The Ocean Tracking Network (OTN) is a global aquatic research and partnership platform headquartered at Dalhousie University in Halifax, Nova Scotia. OTN is somewhat unusual in the Canadian science context in that it has a specific mandate to operate internationally. Read more
UBC’s $4.9-million research partnership with Germany’s Fraunhofer Society—Europe’s largest applied research institution—aims to advance clean energy research in the areas of biomass, electrolysis, solar, fuel cells and wind.
Canadian and British researchers have joined forces to collaborate on two projects in developing new sensing technologies for tidal energy applications. The two projects, with a combined value of $1.43 million, were selected for funding through a joint research competition Read more
EU-PolarNet is the world’s largest consortium of expertise and infrastructure for polar research. Seventeen countries are represented by 22 of Europe’s internationally-respected multi-disciplinary research institutions. Read more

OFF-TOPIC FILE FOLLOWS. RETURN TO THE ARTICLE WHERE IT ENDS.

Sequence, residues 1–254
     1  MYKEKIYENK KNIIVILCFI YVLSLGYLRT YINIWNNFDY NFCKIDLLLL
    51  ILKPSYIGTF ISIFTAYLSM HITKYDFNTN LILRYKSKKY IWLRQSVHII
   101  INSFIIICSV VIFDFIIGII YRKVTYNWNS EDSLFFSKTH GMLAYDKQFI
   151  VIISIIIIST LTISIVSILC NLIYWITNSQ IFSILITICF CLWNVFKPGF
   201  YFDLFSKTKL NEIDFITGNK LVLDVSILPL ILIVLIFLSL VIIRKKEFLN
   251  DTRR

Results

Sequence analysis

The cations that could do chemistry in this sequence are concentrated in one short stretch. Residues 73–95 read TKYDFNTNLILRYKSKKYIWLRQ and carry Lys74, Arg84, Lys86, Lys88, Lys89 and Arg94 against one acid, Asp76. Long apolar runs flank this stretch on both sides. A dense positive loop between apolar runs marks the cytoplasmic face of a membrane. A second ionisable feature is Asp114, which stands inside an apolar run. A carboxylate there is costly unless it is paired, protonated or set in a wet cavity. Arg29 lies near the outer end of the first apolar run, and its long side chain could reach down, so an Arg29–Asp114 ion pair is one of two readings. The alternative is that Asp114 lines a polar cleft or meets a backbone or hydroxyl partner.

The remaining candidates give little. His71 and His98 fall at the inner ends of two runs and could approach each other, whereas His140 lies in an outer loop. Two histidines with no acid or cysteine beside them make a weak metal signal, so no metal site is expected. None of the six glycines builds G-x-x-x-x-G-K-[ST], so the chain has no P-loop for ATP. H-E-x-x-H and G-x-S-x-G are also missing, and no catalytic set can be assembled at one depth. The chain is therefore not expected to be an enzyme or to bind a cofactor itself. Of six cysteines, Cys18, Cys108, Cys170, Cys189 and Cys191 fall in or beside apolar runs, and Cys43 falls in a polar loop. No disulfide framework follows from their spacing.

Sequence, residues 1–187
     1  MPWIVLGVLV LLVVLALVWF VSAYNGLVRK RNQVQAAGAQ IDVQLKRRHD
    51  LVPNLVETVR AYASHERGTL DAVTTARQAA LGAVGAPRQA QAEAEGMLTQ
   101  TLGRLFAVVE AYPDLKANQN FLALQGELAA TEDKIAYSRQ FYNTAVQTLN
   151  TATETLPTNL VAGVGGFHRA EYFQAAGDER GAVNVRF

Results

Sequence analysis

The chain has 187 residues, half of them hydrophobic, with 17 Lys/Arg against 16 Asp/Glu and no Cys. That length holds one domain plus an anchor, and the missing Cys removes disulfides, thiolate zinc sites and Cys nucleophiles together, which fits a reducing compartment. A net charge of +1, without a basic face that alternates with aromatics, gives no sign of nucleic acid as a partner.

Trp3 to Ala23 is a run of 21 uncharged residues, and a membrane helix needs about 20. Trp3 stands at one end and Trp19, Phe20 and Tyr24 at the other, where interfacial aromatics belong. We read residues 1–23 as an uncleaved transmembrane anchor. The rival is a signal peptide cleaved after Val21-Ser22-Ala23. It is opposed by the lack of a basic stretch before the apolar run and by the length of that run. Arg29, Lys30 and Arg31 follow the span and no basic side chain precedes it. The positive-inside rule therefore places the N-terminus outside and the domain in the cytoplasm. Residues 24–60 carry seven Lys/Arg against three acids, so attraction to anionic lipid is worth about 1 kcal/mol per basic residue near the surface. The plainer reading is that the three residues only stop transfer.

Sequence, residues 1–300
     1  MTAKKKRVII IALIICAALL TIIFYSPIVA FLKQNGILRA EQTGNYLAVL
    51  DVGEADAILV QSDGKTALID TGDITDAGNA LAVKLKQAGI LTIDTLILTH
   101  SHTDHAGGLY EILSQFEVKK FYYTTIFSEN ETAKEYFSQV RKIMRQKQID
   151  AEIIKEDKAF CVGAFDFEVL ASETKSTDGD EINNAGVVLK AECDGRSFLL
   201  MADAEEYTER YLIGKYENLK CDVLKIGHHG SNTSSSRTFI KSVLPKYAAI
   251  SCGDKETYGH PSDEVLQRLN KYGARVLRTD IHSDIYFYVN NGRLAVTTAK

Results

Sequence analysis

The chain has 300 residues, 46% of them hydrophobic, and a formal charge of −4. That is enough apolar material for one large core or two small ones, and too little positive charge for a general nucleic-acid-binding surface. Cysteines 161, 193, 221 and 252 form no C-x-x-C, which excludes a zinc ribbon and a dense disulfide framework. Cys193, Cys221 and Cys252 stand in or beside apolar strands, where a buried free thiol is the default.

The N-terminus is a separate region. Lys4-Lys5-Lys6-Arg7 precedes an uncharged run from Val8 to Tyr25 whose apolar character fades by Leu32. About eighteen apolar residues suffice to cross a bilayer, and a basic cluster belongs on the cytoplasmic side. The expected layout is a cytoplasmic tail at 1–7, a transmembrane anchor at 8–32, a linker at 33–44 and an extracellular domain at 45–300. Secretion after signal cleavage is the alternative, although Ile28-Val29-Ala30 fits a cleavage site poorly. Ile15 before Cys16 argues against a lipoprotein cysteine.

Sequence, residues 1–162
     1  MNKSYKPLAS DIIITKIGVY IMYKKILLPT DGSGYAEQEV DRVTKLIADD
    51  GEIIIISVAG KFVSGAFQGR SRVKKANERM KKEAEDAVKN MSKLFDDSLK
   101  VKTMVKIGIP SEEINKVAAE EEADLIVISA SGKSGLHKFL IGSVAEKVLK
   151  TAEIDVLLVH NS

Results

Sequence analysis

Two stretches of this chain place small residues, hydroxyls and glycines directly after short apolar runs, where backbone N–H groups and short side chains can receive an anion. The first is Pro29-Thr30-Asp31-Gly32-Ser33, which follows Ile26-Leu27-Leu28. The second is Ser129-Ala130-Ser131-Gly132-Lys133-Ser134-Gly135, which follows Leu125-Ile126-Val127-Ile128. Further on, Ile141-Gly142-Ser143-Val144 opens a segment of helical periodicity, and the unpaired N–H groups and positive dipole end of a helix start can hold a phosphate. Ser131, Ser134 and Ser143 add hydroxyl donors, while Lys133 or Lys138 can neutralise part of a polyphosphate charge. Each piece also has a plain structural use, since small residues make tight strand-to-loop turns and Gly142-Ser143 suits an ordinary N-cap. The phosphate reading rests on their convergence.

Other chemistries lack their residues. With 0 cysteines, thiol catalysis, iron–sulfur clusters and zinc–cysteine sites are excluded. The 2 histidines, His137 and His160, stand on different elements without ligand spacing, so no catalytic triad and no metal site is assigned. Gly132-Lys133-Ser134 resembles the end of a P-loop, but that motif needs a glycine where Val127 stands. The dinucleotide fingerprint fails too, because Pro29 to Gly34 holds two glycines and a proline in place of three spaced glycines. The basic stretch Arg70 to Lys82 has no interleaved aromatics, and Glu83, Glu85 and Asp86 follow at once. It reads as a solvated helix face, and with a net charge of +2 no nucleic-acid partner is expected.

In December 2015, the LIMPID project, an international collaboration on the development of nanocomposite materials, wrapped up its work. LIMPID was funded through the European Union’s Seventh Framework Programme Theme 4, with the goal of developing substances to break-up environmental pollutants. To this end, the LIMPID team developed materials and technologies based on the synergic combination of different types of nanoparticles. The resulting polymer hosts created innovative nanocomposites with properties that work to degrade pollutants. Read more
Next Generation Train Control (NGTC) is the first research project partially funded by the European Commission under the 7th Framework Programme, where all the main rail system signalling suppliers together with mainline operators and infrastructure managers as well as urban rail operators are working jointly in developing the next generation of train control systems. Read more
One of the most significant global issues of our time is the rapid and ubiquitous change in the Arctic regions of our planet. The world has turned its attention to the Arctic, largely because of a rapidly changing climate; Read more